Cheney isn’t the only one defending the Bush administration. Political strategist and former senior Bush adviser Karl Rove told Fox News Sunday that the CIA’s use of water boarding wasn’t torture because it was “designed” to let the victim live.
While discussing the issue with Chris Wallace, Rove said the CIA’s techniques weren’t torture, despite consisting of a “series of near drownings,” sleep deprivation, and unnecessary “rectal feedings.” Wallace pointed asked Rove if all that wasn’t “torture by any definition,” and Rove predictably disagreed.
“Let’s get the rectal feedings out,” Rove said, “in this report, there are nine references on 14 pages to rectal feedings. And four of those five, it is the result of a hunger strike by the detainee.”
And that makes it perfectly okay, apparently.
He also asserted that the waterboarding, slapping detainees, and solitary confinement were also “carefully designed“:
The tests were, do they involved severe pain or suffering or do they involve severe and prolonged mental pain or suffering? And in each instance, these procedures were designed so that they would not pass those barriers.
Rove went on to add that the detainee’s “feet were elevated so there’s little or not chance of any fluid getting into the lungs,” and that “very careful standards set in place so these would help break the the resistance of the detainee without placing their life in danger.”
I want everyone to take a good look at this: this is one of the finest red herrings that I’ve ever seen.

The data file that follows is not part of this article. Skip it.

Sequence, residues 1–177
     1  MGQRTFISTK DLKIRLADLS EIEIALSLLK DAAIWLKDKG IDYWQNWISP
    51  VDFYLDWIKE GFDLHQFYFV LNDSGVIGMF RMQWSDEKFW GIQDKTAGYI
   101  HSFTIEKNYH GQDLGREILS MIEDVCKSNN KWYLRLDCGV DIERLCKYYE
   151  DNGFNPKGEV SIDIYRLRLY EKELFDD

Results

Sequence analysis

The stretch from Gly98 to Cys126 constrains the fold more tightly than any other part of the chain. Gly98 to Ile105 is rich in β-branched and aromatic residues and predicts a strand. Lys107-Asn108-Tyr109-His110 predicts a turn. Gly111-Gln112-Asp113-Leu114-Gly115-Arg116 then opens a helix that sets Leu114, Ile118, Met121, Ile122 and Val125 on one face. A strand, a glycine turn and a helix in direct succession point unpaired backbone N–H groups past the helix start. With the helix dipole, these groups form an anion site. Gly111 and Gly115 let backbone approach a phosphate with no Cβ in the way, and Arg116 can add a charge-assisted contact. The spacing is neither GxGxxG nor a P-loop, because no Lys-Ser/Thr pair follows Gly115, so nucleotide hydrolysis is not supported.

Nobody is accusing them of trying to kill the detainees. What we’re saying is that it’s torture, and nothing Rove said did anything to debunk that it was torture. In fact, he almost all but confirmed it. Whether or not the interrogations were designed to kill the detainee is indifferent to the ultimate truth that it is torture.
As if to make my point for me, Rove compared it to what the Japanese did during World War II, “where the Japanese attempted to drown people by basically pouring water in their mouths,” to make the point that we were doing it differently.
When the best you can do is say “Well, we’re not World War II Imperial Japan” — the same Imperial Japan that butchered Chinese by the thousands, carried out horrific human experiments on innocent civilians, and executed brutal gang rapes of women, in addition to the untold damage done to Koreans and the Southeastern Asian populations — you seriously need to reevaluate your policies. Something went horribly wrong somewhere.
You can watch it below: